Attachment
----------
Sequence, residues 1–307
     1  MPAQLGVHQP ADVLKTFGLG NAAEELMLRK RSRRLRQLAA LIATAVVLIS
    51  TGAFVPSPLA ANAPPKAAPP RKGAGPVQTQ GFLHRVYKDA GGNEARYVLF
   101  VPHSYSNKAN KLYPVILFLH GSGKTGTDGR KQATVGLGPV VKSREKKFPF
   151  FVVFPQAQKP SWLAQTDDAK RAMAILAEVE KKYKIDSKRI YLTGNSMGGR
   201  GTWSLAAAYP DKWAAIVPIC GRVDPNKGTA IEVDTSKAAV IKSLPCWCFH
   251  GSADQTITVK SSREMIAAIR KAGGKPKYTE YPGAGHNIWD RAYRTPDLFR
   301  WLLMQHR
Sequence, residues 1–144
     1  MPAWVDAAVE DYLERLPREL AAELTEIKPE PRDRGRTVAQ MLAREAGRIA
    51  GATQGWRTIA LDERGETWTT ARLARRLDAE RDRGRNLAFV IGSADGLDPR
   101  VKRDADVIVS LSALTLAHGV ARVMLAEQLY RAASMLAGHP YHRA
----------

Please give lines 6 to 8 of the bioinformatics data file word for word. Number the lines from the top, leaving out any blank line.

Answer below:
   201  GTWSLAAAYP DKWAAIVPIC GRVDPNKGTA IEVDTSKAAV IKSLPCWCFH
   251  GSADQTITVK SSREMIAAIR KAGGKPKYTE YPGAGHNIWD RAYRTPDLFR
   301  WLLMQHR